To use but one example; When I visited the Natural History Museum in London as a child, I have fond and awe inspiring memories of the Mammalian Megafauna gallery (to the right of the doors as you walk in) at some point between then and the next visit (2008) this was removed wholesale and replaced. Not with an updated exhibit, not with more objects of a different type, but with a very “@Bristol” type exhibit about ecology without a single specimen and with a massive expansion of the museum shop (it now takes up half the ex-gallery). These massive, awesome fossil remains & casts have been put into storage and are now unavailable for public viewing. When the Palaeontology department alone has over 9 million objects, most of which are not on display, to say this is lamentable has to my mind a good change of being understatement of the year.

A History of the World in 100 objects | Credit: BBC/Radio 4/British Museum

All this alongside the BBC/British Museum extravaganza “A History of the World in 100 objects”, which has already showcased many more than 100, and is all about getting the experts in to talk about them, and let the public SEE them. At least someone’s got the right idea! If you asked me, or I suspect most people, we go to museums to see objects of fascination; not to stare at well meaning computer screens and animations.

I could go on as there are other problems such as over rationalisation, the (muted) abolition of free entry at national museums, the mothballing of historically/scientifically important collections etc. but I think I would be labouring my point.

Perhaps I’m wrong, perhaps I’m too old-fashioned and traditionalist but I think we need to put educators back in touch with curators, bring back the objects (but not lose the information), ease up on the unnecessary overuse of interactives and above all give our many, beautiful museums back their souls.

Ben Brooks

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Volunteering at the Natural History Museum

Natural History Museum Panorama
Front Facade of the Natural History Museum's Iconic Waterhouse Building in South Kensington, London. Image via Wikipedia

Over the last week I have been (and next week I will be) working as a curatorial volunteer in the palaeontology department at the Natural History Museum, London.

I’ll be perfectly honest and say that that’s one of my life goals semi-accomplished, in so much as I have always loved the museum – a spiritual home if you will – and ever since I decided that I wanted to get into palaeontology in a big way I resolved to work there in a scientific capacity. Now thanks in no small part to serendipity and having the friends that I do, I have had the chance to do just that.

I’ve spent the last week helping the curator of Echinoderms to maintain the Echinoidea collection. In short my job has involved adding notes to the specimen labels indicating that they have been cited or figured (photographed/drawn) in recent scientific literature, adding these notes to the registers of collections, then re-labelling and re-boxing the specimens as necessary. This may sound like dull work, and it is certainly repetitive, but it can actually be very interesting, I’ve seen specimens of irregular echinoids from all over the country, including Lyme Regis, my local beach at Charlton Bay and as far north as Yorkshire and Northumberland.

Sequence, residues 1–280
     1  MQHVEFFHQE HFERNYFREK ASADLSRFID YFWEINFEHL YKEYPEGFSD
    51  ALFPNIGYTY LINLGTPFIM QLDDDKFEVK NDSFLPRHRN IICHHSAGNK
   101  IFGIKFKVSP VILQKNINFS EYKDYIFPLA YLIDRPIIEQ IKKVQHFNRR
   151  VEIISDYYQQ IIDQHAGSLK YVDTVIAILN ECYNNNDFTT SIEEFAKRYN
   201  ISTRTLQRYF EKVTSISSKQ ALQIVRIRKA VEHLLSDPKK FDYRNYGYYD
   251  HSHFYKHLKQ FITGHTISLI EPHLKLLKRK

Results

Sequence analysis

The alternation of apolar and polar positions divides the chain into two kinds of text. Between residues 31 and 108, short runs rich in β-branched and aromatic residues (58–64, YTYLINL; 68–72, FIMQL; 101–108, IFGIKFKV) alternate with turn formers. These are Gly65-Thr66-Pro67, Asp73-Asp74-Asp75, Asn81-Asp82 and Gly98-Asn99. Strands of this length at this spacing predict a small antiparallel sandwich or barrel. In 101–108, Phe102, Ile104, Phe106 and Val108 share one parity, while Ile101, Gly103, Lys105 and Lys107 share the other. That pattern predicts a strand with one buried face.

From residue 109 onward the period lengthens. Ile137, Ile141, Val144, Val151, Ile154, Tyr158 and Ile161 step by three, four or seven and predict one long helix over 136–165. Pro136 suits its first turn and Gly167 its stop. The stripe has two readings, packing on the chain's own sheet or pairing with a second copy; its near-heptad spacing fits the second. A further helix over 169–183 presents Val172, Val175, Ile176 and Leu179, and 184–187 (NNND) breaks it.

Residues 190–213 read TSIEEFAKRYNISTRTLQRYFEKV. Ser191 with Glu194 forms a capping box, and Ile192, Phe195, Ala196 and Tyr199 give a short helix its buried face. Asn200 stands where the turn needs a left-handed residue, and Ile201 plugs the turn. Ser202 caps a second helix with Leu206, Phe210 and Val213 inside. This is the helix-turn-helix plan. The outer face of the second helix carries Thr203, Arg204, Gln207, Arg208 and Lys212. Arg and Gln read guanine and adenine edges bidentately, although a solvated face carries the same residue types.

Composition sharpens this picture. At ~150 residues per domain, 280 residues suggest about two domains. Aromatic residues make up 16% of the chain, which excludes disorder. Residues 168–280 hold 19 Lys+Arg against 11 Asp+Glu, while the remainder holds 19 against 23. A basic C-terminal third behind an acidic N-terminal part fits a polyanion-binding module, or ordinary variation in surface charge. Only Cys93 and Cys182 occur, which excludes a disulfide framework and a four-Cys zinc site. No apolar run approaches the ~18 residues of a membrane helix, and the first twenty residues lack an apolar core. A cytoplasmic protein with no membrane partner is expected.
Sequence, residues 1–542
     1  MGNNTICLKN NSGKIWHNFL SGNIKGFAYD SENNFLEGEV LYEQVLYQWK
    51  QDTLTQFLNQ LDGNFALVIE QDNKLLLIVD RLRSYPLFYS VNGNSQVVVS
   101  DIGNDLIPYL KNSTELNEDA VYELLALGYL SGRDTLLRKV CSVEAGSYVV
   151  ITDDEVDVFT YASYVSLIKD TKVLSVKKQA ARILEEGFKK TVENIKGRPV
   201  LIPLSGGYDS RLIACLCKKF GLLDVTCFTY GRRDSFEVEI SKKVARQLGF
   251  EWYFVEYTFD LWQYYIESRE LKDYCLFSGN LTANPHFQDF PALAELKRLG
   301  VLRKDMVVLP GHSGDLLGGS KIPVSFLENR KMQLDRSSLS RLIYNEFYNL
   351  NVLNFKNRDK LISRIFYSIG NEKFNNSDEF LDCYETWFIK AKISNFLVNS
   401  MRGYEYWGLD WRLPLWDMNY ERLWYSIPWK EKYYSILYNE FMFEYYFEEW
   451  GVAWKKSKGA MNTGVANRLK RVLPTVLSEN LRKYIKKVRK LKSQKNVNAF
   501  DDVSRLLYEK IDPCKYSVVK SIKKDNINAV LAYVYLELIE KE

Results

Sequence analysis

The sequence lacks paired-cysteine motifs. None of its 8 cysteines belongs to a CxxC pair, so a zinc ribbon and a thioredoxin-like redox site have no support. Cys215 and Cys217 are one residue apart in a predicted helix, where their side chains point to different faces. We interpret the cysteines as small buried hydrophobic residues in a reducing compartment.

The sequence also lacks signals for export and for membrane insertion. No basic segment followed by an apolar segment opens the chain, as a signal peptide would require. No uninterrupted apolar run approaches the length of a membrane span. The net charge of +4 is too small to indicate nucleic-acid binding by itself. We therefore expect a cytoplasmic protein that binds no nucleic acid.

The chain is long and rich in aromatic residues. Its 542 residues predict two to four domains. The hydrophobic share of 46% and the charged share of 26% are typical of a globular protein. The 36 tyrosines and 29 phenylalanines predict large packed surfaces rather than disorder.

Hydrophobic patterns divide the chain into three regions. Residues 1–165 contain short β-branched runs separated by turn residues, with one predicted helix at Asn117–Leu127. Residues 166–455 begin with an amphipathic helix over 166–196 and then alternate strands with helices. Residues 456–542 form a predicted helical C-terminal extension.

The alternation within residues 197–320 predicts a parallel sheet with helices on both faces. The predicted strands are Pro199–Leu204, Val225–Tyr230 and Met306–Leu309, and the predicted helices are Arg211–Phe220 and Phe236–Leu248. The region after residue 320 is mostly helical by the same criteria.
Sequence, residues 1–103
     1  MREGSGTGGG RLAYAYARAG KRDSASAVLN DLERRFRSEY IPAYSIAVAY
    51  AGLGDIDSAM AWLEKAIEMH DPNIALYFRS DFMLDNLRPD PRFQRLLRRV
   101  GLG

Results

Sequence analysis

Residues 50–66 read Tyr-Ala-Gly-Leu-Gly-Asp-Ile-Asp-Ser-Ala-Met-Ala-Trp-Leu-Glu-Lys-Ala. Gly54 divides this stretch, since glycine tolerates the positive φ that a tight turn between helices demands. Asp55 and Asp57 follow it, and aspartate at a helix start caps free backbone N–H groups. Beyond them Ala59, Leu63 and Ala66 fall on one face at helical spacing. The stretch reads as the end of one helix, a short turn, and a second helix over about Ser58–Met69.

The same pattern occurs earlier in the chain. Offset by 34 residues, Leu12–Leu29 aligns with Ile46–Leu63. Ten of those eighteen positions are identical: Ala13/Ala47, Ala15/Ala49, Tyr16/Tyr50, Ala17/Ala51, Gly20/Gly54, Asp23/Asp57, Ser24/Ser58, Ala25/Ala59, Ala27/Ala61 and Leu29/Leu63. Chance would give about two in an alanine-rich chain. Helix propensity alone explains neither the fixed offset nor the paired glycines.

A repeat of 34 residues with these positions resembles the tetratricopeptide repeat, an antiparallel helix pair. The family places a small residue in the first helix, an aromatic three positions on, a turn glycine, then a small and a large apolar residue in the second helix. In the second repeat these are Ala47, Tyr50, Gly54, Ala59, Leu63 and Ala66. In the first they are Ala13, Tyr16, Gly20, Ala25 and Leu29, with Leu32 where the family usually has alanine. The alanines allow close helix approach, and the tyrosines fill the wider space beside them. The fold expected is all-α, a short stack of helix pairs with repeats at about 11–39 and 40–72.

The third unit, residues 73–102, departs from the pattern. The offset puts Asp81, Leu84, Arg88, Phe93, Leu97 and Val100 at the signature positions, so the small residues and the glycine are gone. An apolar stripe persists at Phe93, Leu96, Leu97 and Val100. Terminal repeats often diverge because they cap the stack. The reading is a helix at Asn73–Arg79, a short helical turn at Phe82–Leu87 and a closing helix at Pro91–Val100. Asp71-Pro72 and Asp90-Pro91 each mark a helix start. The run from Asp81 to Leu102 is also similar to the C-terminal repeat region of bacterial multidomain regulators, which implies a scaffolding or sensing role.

Echinoid fossil, Clypeus michelini, collected ...
Regular echinoid showing typical 19th Century Labelling. Image by Black Country Museums via Flickr

Side-Note: Irregular Echinoids are those that show a more prominent 2-fold symmetry imprinted on top of the archaic, simple 5-fold symmetry of their forebears. This is due to a change in their lifestyle over geologic time, moving from epifaunal (on sea bed) to infaunal (burrowing) forms.

On top of the disparate locations of the collections, is the “social and scientific history” that goes with them, who collected them, when and why – I even saw one echinoid which had been donated to the museum with a note next to the “donated by” column which read:

Collected by his father whilst on police duty.

This level of “intimacy” and attention to detail really does give a fascinating insight into not only the people who worked at the museum in the past, but also the emotional and sentimental value that the collectors and others placed on both the objects that they had collected and the institution to which they were donating them. This to my mind is wonderful however it also depresses when you look at the way the museum is going, but that’s the subject of another post.

The collections themselves are huge, if you imagine whole floors of the palaeontology building filled wall to wall with floor to ceiling climate controlled cabinets, each one containing 40 draws, and with up to 100+ specimens in each draw, with outsize (big) objects lying on tables all around. This sheerly immense collection (over 9 million specimens in palaeontology alone) is all hidden away from the public’s view, and as such I am honoured to have seen even just a small part of it in the course of the last week.

To say that I have enjoyed the last week would be a gross understatement, and I am thoroughly looking forward to my second week of volunteering and will be very sad to leave on Friday afternoon.

Ben Brooks